Some Basics on Video Surveillance Recording Systems


Choosing the right cameras is only a small part of putting your surveillance system together. At least as important, in the long term, is deciding how you’ll record and store your video. The best solution will depend on your needs and how you anticipate them changing. While large deployments at government institutions or campuses will usually depend on server-based solutions, we’ll be focusing on household and small business needs.

Long gone are the days when surveillance video was recorded to a video cassette. A surveillance DVR (Digital Video Recorder) is pretty much the same thing as the average device from your cable company. It just has a bunch of extra functions, and records from cameras instead of your cable. It can be connected to the Internet so you can review video remotely. OK. Maybe they’re completely different things, but they both record video.

FLIR M3100E Series 16-Channel 1080p HD-CVI DVR with 2TB HDD
FLIR M3100E Series 16-Channel 1080p DVR

A DVR and an NVR (Network Video Recorder) are similar products used with different types of cameras. Analog cameras with BNC outputs will connect to a DVR, which converts and stores video in digital format, and IP cameras will connect to an NVR, usually. Hybrids are a thing, and they straddle the line between the different devices as far as inputs, but usually (usually) perform as DVRs.

Hikvision Pro Series 16-Channel 12MP NVR

The Absolute Basics

The primary function of both recording devices is the recording of video for storage and review; just like it says on the tin. They both record to hard drives. DVRs and NVRs are both classified by the number of video channels they can record simultaneously (4-channel, 8-channel, 16-channel, etc.). They store data to hard drives, just like a computer. While many have additional inputs for things like microphones or alarm sensors, it’s the number of cameras they can support that defines them. Many also act as controllers for PTZ (Pan/Tilt/Zoom) camera functions.

What to Look for And What It Means

A DVR, as mentioned above, records from analog cameras. It’s essential for anyone who wants to do more than live monitoring, and is generally the best way to set up multi-camera views. A DVR will be the center of your video surveillance system, so you’ll want to pay attention to a device’s features before purchasing.

Look at hard-drive compatibility. Most devices include storage, but you may want to replace what yours comes with. If you do, make your decision carefully. A surveillance recorder should be able to run for long periods without rebooting. Higher-end DVRs will use surveillance hard drives designed for near-24/7/365 up times.

Every system has a maximum number of video channels it can support, as well as a maximum total video resolution and frame rate. Resolution and frame rate will generally be split across available channels; an 8-channel DVR can record 8 channels of video in 720p resolution each at 15 fps, or 4 channels at 1080p 30 fps, for example.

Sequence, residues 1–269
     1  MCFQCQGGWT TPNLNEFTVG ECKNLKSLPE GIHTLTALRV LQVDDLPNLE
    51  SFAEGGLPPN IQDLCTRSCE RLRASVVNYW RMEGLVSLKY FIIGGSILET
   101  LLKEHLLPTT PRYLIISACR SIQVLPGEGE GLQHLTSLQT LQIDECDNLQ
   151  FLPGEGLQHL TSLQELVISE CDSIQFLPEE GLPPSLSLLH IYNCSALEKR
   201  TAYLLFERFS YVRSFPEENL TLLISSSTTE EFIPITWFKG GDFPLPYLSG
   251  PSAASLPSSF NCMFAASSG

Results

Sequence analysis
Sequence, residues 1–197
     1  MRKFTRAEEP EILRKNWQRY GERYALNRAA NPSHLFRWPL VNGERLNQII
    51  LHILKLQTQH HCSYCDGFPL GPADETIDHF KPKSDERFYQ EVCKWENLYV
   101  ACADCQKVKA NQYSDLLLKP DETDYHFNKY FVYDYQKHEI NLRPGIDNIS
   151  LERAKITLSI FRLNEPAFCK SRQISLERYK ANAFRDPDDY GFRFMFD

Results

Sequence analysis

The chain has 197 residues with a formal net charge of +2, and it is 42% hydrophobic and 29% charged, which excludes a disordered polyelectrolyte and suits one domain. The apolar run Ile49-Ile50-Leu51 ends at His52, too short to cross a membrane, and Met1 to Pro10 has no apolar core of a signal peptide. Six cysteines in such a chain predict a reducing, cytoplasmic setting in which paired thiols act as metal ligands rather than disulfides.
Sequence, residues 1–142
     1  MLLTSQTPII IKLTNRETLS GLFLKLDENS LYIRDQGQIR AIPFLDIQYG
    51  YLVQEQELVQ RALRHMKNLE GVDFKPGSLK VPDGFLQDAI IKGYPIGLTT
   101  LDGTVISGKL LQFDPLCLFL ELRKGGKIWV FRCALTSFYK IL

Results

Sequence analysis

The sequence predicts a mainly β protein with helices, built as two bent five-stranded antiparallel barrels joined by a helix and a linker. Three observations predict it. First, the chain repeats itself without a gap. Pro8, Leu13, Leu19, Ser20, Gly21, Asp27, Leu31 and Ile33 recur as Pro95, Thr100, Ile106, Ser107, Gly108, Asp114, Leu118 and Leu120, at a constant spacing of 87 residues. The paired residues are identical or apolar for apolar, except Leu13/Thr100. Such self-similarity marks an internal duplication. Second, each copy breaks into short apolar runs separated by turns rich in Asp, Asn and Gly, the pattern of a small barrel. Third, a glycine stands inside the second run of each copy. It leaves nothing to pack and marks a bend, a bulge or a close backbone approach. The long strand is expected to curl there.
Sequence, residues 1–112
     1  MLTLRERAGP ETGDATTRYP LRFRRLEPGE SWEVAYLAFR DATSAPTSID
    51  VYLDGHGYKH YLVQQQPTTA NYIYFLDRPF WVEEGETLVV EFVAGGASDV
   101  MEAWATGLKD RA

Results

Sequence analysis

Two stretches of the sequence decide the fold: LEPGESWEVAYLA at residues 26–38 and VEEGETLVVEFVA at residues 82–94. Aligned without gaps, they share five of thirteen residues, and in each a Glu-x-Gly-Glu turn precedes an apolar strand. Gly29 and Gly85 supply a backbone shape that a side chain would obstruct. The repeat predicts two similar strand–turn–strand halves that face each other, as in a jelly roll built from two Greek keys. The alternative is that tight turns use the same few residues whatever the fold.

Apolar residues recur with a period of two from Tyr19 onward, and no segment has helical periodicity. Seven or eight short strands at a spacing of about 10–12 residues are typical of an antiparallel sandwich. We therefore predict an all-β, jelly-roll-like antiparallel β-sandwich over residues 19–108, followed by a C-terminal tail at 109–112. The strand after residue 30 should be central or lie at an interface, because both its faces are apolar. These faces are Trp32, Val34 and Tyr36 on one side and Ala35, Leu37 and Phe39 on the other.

One of the advantages that network cameras have over analog cameras is their ability to perform scene analysis and store data themselves. Connected DVRs perform almost all those functions for most cameras, while NVRs will act as backups and add-on functions. Recording can be triggered by motion in a scene, the tripping of external sensors, setting schedules.

What you can do with recorded video varies, too. There are several common analytics functions found in many DVRs and NVRs. These are just a few:

  • Line Crossing Detection: Highlights points in a video where someone or something crossed a virtual line you drew across a scene
  • Entrance/Exit Detection: Highlights points in a video where someone entered or exited the camera’s view
  • Scene Change Detection: Highlights points in a video where there was a drastic change in the camera’s field of view, usually indicative of a camera having been moved
  • People Counting: Indicates how many individuals entered the monitored area in a specific segment of video
  • Heat Mapping: Highlights areas in a scene where the most activity occurred.

Video will almost always be able to communicate over Ethernet for live monitoring, playback, and making updates to settings, and have an HDMI and/or traditional video output for local use.

Video Streaming

Capabilities and quality can vary based on whether a recorder is accessed locally or over the Internet. Most will display at a lower resolution when connected remotely. Check to see if separate resolutions and frame rates are listed in a device’s specs, to know for sure. Many devices even have companion apps that allow users to view surveillance video and make some changes to settings from anywhere they have Internet access.

Some manufacturers also offer automated web backup and cloud storage of your footage, for an additional fee, giving you an additional layer of protection and peace of mind.

Everyone’s needs are different. Whatever yours are, we can help you to meet, and maybe even beat, them. Contact our product specialists and we’ll help you put together the system that’ll work best for you. For more information, stop by the B&H SuperStore in New York, speak with a sales professional on the telephone at 1-800-606-6969 or contact us online via Live Chat.